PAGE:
A Knight Of Prayer
Contributed by Andy Grossman on Dec 18, 2009 (message contributor)
Summary: Sermon on prayer
“A Knight of Prayer”
August 31, 2008
"When you pray, do not be like the hypocrites, for they love to pray standing in the synagogues and on the street corners to be seen by men. I tell you the truth, they have received their reward in full. But when you pray, go into your room, close the door and pray to your Father, who is unseen. Then your Father, who sees what is done in secret, will reward you. And when you pray, do not keep on babbling like pagans, for they think they will be heard because of their many words. Do not be like them, for your Father knows what you need before you ask him.
"This, then, is how you should pray:
" ’Our Father in heaven, hallowed be your name, your kingdom come, your will be done on earth as it is in heaven.
Give us today our daily bread. Forgive us our debts, as we also have forgiven our debtors. And lead us not into temptation, but deliver us from the evil one.’”
When you think of the Apostle Paul, what do you think of? Missionary? Preacher? Church Leader? Church Planter? Transformed sinner? He was certainly all those things – but I have come to realize that above all those things - he was a prayer warrior. In fact, I have come to realize that it is just about impossible to do any of the things Paul did (at least successfully) without being a prayer warrior and having a great team of prayer warriors supporting you.
When you think of Jesus – what do you think of? Creator, Savior, Healer, Miracle worker? Certainly, He was all of that – and more. But He was also a Prayer Warrior. Check these Scriptures out. Before power and victory came – Jesus prayed.
“Very early in the morning, while it was still dark, Jesus got up, left the house and went off to a solitary place, where he prayed.” Mark 1:35
”Yet the news about him spread all the more, so that crowds of people came to hear him and to be healed of their sicknesses. But Jesus often withdrew to lonely places and prayed.” Luke 5:15-16
“After he had dismissed them, he went up on a mountainside by himself to pray. When evening came, he was there alone” Matthew 14:23
“After leaving them, he went up on a mountainside to pray.” Mark 6:46
Jesus was our example of a “Prayer Warrior”. Here are some other times that Jesus Prayed. They are in your handouts. I encourage you to study them this week.
AT HIS WATER BAPTISM - LUKE 3:21-22
BEFORE CHOOSING APOSTLES - LUKE 6:11-13
PRAYING ALONE - LUKE 9:18
IN FAITH - MATTHEW 26:53
AT GETHSEMANE - MATTHEW 26:36-45; LUKE 22:39-46
AT THE TRANSFIGURATION - LUKE 9:28-29
INSPIRED OTHERS TO PRAY - LUKE 11:1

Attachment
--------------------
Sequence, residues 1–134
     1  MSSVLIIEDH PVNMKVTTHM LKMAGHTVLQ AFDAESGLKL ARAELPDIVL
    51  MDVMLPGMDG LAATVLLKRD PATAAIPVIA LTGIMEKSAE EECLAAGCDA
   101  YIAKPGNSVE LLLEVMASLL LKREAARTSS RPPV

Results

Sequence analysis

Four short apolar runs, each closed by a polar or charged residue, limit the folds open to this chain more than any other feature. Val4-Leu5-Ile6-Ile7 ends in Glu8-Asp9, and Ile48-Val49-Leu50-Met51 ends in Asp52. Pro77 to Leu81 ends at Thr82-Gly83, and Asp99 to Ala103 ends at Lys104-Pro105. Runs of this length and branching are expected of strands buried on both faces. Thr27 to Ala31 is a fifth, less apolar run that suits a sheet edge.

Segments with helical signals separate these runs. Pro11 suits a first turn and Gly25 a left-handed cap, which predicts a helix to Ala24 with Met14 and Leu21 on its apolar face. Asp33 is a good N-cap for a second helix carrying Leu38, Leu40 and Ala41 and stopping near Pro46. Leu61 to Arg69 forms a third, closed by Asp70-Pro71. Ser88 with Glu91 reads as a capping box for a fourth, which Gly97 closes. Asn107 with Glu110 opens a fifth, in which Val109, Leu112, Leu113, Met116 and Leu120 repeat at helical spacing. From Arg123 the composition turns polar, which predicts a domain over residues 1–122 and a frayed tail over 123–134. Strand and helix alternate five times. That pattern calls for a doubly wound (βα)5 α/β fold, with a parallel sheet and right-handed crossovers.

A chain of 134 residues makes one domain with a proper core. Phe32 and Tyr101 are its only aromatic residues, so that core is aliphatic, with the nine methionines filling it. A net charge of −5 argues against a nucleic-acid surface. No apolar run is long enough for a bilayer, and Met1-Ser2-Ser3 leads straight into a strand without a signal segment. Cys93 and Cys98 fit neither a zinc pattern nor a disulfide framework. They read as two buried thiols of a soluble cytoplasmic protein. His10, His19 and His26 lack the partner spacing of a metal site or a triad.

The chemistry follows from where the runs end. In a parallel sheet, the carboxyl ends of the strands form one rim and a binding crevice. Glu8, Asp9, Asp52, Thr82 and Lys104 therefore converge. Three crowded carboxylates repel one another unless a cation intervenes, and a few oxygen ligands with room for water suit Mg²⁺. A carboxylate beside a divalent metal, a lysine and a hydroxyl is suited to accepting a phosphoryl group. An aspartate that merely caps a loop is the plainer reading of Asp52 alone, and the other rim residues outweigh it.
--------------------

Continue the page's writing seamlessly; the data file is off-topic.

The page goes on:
FOR CHILDREN - MATTHEW 19:13
FOR PETER - LUKE 22:31-32
FOR US - JOHN 14:16 ; JOHN 17:1,9,15,20; ROMANS 8:34; HEBREWS 7:25
In our Scripture this morning, Jesus gave us some instructions on how to pray and how NOT to pray. Let’s first take a look at how NOT to pray.
Jesus first cautioned us in praying not to do it for show. He said the hypocrites did it to show off. They loved to pray public prayers so everyone could see how spiritual they were. I’ve seen that a time or two in church. Usually it is some old saint who is well versed in the King James language and prays with ‘thees’ and ‘thous’ in a loud voice – often weeping, sometimes kneeling or throwing themselves prostrate on the alter. Now, that’s perfectly okay – if it’s real. But if there is a hint of pride or pleasure in giving a ‘show’ – it’s wrong. If there’s an ‘look at me!” It’s wrong. God will not hear that kind of prayer – even though it may seem tremendously spiritual – to some.
Jesus says that we are not to use vain babbling, like some do. What is that about? John Wesley said:
“To repeat any words without meaning them, is certainly a vain repetition. Therefore we should be extremely careful in all our prayers to mean what we say; and to say only what we mean from the bottom of our hearts. The vain and heathenish repetitions which we are here warned against, are most dangerous, and yet very common; which is a principal cause why so many, who still profess religion, are a disgrace to it. Indeed all the words in the world are not equivalent to one holy desire. And the very best prayers are but vain repetitions, if they are not the language of the heart.” Wesley’s Notes
“It is taken for granted that all who are disciples of Christ pray. You may as soon find a living man that does not breathe, as a living Christian that does not pray. If prayerless, then graceless. The Scribes and Pharisees were guilty of two great faults in prayer, vain-glory and vain repetitions. Verily they have their reward; if in so great a matter as is between us and God, when we are at prayer, we can look to so poor a thing as the praise of men, it is just that it should be all our reward. Yet there is not a secret, sudden breathing after God, but he observes it. It is called a reward, but it is of grace, not of debt; what merit can there be in begging? If he does not give his people what they ask, it is because he knows they do not need it, and that it is not for their good. So far is God from being wrought upon by the length or words of our prayers, that the most powerful intercessions are those which are made with groanings that cannot be uttered. Let us well study what is shown of the frame of mind in which our prayers should be offered, and learn daily from Christ how to pray.”